8. ^ "Census 2000 PHC-T-4. Ranking Tables for Counties: 1990 and 2000" (PDF). United States Census Bureau. Retrieved December 27, 2014.
  9. ^ "American FactFinder". United States Census Bureau. Retrieved January 31, 2008.
  10. ^ a b c "DP-1 Profile of General Population and Housing Characteristics: 2010 Demographic Profile Data". United States Census Bureau. Retrieved January 12, 2016.
  11. ^ "Population, Housing Units, Area, and Density: 2010 - County". United States Census Bureau. Retrieved January 12, 2016.
  12. ^ "DP02 SELECTED SOCIAL CHARACTERISTICS IN THE UNITED STATES – 2006-2010 American Community Survey 5-Year Estimates". United States Census Bureau. Retrieved January 12, 2016.
  13. ^ "DP03 SELECTED ECONOMIC CHARACTERISTICS – 2006-2010 American Community Survey 5-Year Estimates". United States Census Bureau. Retrieved January 12, 2016.
  14. ^ Leip, David. "Dave Leip's Atlas of U.S. Presidential Elections". uselectionatlas.org. Retrieved April 5, 2018.
  15. ^ http://sos.nh.gov/2016CountyGen.aspx?id=8589964161
  16. ^ https://www.co.strafford.nh.us/country-information/state-and-county-elected-officials

Further reading

External links

Coordinates: 43°17′N 71°02′W / 43.29°N 71.03°W

Berrys River

The Berrys River is a 12.9-mile (20.8 km) long river located in southeastern New Hampshire in the United States. It is a tributary of the Isinglass River, part of the Cocheco River/Piscataqua River watershed leading to the Atlantic Ocean.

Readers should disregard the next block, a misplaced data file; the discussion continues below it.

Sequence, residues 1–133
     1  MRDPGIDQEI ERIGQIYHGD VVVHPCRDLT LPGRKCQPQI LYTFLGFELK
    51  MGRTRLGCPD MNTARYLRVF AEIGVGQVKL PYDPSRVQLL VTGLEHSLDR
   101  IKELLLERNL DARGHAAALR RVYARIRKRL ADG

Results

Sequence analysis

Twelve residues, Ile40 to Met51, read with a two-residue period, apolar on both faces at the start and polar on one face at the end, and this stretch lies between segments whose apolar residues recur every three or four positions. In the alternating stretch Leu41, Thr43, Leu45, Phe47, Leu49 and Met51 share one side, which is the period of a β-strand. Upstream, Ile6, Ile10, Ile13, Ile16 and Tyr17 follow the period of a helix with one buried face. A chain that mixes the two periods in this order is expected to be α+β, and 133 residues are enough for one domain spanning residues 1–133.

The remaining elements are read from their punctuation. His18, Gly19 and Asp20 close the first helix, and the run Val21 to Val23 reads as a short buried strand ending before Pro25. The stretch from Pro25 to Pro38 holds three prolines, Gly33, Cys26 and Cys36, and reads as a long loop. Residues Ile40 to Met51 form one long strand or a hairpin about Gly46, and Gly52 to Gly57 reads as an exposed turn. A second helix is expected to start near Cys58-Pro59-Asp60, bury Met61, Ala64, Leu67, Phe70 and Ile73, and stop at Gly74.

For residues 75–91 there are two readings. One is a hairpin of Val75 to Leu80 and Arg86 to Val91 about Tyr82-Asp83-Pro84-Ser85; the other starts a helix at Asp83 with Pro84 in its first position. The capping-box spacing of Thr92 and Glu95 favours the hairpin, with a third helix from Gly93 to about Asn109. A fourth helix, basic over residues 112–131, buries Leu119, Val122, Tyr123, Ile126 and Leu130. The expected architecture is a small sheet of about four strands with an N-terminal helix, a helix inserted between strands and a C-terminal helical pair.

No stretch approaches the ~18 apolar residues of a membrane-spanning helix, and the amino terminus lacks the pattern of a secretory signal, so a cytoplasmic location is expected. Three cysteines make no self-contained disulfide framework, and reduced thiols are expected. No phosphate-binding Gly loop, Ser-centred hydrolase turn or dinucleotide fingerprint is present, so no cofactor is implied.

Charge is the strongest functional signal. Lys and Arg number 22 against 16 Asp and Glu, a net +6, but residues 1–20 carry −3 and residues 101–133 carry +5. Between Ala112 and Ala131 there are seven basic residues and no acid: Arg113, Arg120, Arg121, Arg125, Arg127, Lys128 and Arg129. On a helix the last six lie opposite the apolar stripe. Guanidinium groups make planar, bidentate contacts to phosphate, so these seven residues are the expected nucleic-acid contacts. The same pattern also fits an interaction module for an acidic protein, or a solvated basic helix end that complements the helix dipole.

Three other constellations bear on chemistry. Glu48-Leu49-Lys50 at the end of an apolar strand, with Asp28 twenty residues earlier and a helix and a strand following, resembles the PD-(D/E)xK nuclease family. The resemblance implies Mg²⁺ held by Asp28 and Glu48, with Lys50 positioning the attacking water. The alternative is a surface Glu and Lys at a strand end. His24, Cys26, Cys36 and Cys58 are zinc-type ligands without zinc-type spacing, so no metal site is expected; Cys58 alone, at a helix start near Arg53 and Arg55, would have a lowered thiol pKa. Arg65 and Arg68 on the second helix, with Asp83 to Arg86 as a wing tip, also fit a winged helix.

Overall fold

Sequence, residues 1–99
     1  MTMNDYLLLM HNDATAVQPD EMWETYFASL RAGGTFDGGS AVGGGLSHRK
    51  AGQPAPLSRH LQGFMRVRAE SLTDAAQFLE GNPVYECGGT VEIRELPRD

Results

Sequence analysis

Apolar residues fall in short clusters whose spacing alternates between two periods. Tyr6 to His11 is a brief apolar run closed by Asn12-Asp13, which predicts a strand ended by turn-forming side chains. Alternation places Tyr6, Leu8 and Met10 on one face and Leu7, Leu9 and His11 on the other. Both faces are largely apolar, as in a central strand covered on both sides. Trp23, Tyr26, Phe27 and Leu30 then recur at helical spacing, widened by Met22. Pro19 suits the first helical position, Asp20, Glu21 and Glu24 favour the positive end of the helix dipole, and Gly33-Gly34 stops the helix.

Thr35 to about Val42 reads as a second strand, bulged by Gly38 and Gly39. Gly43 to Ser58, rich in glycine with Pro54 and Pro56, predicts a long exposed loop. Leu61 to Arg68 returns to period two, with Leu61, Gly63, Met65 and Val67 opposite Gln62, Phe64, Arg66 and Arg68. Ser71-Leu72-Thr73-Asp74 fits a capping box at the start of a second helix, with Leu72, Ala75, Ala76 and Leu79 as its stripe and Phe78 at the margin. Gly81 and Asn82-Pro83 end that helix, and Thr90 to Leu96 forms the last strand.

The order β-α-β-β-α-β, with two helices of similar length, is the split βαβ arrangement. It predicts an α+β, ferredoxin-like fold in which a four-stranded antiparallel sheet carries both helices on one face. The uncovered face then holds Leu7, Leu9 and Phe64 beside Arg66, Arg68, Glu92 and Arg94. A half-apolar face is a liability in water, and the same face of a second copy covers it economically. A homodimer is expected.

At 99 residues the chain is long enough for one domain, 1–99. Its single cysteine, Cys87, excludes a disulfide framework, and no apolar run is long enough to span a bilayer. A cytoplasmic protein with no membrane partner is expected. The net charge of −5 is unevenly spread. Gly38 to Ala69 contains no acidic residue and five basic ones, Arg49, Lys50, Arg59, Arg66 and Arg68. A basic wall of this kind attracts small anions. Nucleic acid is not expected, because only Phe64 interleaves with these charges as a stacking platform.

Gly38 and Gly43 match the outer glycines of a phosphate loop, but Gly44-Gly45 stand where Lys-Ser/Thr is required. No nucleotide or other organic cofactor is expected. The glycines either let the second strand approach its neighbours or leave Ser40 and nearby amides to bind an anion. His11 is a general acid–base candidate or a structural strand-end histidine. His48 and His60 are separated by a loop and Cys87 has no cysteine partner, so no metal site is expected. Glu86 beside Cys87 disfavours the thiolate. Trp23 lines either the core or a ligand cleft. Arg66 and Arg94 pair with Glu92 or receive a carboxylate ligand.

The river rises in Farmington, New Hampshire and flows southeast past Blue Job Mountain. Turning south, the river passes through the eastern corner of Strafford and enters Barrington, where it is interrupted by Long Pond. One mile below the pond, the Berrys River reaches the Isinglass.

Big River (New Hampshire)

The Big River is a 14.9-mile-long (24.0 km) river located in central New Hampshire in the United States. It is a tributary of the Suncook River, part of the Merrimack River (and therefore Gulf of Maine) watershed.

The Big River rises in high ground in the southern corner of Alton, New Hampshire and flows southeast through corners of New Durham and Farmington into Strafford. Running up against the Blue Hills Range, the river reverses course, turning west into Barnstead, where it meets the Suncook River in the village of Center Barnstead.

Blue Job Mountain

Blue Job Mountain is a mountain in Farmington, New Hampshire. It has a fire tower at the summit, and numerous trails, most commonly accessed from First Crown Point Road in neighboring Strafford, crisscross the mountain.

Blue Job Mountain State Forest occupies 284 acres (115 ha) around the summit.

Branch River (New Hampshire)